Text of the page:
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The Honolulu Advertiser
Posted on: Sunday, December 16, 2001

Sunday Focus
Will global warming put Waikiki under water?

If sea levels rose in Waikiki, low-lying areas could be covered in water. Areas shaded in black would be covered by a 1.3-foot rise in sea level; if waters rose 3.6 feet, the area in white would also be covered. This depiction is based on digital elevation model data.

Original image provided by University of Hawai'i Dept. of Urban and Regional Planning

 •  Hawaiian chain mostly under sea

By John Griffin
Former Advertiser editorial editor

I went down to Waikiki to help our economy and ended up thinking about Venice, global warming this century, and the more distant time when the Hawai'i we know will disappear near Japan.

Let me explain:

My wife and I stayed a night at the Halekulani Hotel to celebrate her birthday. It seemed like the patriotic as well as romantic thing to do.

Yes, central Waikiki remains over-cluttered with concrete. But the ocean views can be worth the price, if you've got it — surf sparkling with boards and canoes, the green flash at sunset as sea birds wing in, calling to one another.

Always more than worth it is the House Without a Key evening show on the seawall terrace with the trio playing hapa-haole songs and a hula dancer swaying in the light of a full moon rising behind Diamond Head.

I found myself thinking of contrasts, not just with the news of war and anthrax on the hotel room TV, but also the way Waikiki has so long sought with mixed results to balance the images of a modern urban resort with visitor dreams of a South Sea "paradise."

And somehow before falling asleep to the sound of the waves 11 floors below, I thought about speculation on what global warming and the melting of polar ice caps could mean for low-lying Waikiki.

A second night in Waikiki might have led to more relaxing thoughts. Anyway, the one we had was enough to set the stage for a workshop put on a few days later by the University of Hawai'i's department of urban and regional planning.

Global warming may still be controversial with the oil-oriented Bush administration. But the experts I trust most feel the oceans are slowly rising and may well continue to do so unless mankind takes more steps to reduce the "greenhouse effect" from CO2 and other gases of the industrial age.

Planner-professor Kem Lowry led several teams of us laymen through an exercise designed to cope with sea-level rise that could affect Waikiki in the next 40 years or so. We considered an extreme: a 3.6-foot rise in the ocean level, covering much of the resort area and inundating tourism as we know it.

So whither the wetland Waikiki of the possible future?

While we didn't produce any surefire solutions, these are some of the possibilities that emerged from our soggy minds:

• Head off global warming with international action to clean up the atmosphere. Since the greenhouse effect is a global phenomenon, this makes the most sense to the most people, including many planners, students and environmental activists.

Fine, but what if we can't get enough international cooperation (including from our own government and the American people) and temperatures and sea levels keep rising, threatening far more than just Waikiki? It may be too late already for some small islands.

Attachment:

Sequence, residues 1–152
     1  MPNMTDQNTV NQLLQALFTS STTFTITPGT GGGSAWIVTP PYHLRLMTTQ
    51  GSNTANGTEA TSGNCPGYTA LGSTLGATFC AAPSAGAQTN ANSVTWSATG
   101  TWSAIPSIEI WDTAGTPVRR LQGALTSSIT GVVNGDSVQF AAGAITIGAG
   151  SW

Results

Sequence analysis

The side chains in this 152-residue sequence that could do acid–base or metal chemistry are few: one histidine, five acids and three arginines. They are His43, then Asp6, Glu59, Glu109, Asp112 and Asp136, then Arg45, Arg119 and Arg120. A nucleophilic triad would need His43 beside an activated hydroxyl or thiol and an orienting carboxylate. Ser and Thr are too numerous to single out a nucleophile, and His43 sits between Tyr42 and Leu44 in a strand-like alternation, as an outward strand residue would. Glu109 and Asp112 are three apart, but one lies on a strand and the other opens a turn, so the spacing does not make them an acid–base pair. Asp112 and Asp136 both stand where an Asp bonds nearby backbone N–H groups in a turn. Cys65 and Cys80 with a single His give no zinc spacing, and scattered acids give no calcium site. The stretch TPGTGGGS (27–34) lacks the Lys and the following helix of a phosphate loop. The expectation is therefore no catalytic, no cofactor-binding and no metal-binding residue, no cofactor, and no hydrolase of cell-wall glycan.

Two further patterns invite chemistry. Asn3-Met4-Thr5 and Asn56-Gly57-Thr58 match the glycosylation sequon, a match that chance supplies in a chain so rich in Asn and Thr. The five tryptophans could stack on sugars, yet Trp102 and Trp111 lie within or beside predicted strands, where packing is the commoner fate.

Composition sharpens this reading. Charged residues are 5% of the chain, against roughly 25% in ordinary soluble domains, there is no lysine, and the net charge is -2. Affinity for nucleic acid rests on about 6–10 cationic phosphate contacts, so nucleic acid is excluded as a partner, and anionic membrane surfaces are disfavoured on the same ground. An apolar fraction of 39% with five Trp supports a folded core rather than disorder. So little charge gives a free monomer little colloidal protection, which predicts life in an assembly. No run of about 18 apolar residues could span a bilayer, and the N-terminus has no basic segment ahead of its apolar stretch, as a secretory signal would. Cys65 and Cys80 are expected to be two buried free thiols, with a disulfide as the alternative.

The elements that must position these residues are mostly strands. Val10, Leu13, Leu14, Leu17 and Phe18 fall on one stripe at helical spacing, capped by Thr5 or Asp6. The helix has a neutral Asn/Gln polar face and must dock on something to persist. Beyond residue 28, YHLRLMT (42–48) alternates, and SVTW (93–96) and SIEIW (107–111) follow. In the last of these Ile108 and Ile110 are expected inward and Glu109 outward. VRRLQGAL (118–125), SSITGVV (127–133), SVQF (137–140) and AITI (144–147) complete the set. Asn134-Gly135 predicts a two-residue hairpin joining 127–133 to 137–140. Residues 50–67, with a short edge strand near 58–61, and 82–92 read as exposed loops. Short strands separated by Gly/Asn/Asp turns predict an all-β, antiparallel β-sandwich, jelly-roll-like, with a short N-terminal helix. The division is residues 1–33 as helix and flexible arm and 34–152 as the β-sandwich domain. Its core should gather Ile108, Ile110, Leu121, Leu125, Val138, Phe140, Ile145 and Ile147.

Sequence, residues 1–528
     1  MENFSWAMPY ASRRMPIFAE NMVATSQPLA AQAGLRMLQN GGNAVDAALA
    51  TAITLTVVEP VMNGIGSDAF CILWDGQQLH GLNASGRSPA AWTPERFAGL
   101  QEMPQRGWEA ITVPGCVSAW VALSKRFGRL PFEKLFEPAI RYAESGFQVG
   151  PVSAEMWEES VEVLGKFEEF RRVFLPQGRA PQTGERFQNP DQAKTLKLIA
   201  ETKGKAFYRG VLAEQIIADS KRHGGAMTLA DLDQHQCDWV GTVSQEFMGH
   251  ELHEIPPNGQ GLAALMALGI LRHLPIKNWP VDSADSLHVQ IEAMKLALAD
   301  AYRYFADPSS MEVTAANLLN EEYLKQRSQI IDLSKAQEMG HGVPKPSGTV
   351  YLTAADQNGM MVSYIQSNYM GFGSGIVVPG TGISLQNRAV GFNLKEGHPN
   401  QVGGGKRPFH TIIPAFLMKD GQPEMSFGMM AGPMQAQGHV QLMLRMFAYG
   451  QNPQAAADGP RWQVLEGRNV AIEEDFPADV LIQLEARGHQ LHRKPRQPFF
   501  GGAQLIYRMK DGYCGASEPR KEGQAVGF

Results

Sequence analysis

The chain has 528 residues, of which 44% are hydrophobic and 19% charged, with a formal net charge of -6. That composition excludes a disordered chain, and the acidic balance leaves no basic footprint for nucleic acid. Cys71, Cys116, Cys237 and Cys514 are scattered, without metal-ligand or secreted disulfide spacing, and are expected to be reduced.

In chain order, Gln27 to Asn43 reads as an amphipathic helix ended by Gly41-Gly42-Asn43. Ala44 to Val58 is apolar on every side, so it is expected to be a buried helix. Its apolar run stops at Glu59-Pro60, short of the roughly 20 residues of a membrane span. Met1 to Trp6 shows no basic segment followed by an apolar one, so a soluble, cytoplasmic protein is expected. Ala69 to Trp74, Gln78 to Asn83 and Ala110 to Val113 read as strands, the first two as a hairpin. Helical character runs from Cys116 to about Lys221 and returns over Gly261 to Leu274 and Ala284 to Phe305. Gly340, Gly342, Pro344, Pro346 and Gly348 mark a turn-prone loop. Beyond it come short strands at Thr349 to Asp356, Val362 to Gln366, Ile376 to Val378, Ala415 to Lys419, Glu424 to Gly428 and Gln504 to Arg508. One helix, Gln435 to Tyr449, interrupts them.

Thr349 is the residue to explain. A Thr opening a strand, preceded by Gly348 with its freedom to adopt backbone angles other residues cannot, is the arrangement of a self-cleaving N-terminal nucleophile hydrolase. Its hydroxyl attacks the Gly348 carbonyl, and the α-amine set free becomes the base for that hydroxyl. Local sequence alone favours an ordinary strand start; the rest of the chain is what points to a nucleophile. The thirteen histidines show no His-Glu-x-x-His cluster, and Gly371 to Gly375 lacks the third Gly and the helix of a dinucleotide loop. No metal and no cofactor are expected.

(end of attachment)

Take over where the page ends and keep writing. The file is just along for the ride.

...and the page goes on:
• Let Waikiki slowly drown, going back to the duck ponds and swampland of the past, but without the great old beach. Some suggested the military might want it for something.

Meanwhile, a new Waikiki may emerge farther inland, presenting economic bonanzas, including raising the value of my modest view property on a Kaimuki hillside. Some in our group pictured new building possibilities as a silver lining of Waikiki warming. I fear that developers and politician friends would again try the 1960s efforts to build high-rise hotels on Diamond Head.

• Our group seemed smitten with the idea of Waikiki surviving as a kind of western Venice. Some suggested a Dutch solution of building dikes around the whole thing and using tides to generate power. But most leaned toward a Mediterranean-like acceptance of the inevitable, albeit with local innovations.

Although present beachside hotels might have to go, inundation maps show that small islands would still exist within Waikiki and others could be built, as in the Italian Venice, boat-buses would cruise lagoons and canals. (Some of us envisioned singing prostitutes in gondolas or other hookers scurrying about in kayaks or Jet-skis after their favored Japanese tourists.)

It's possible to make light of the danger of rising sea levels or to put off considering it amid more pressing priorities. But it could happen in damaging degree within the lifetimes of younger people in Hawai'i today.

And the impact here would be far beyond Waikiki. For example, Honolulu International Airport could also be under water along with much else that's essential or of high value, including beaches.

So my Waikiki stay and the UH workshop stressed for me the value of good long-range planning. And some may find comfort in the thought that the newest member of the planning department faculty is that all-out activist, UH President Evan Dobelle.

If he can straighten out the university, dealing with global warming should be a piece of haupia cake.

And finally, for those who want to really ponder long-range about our fate, there's the adjoining thought from my forthcoming novel.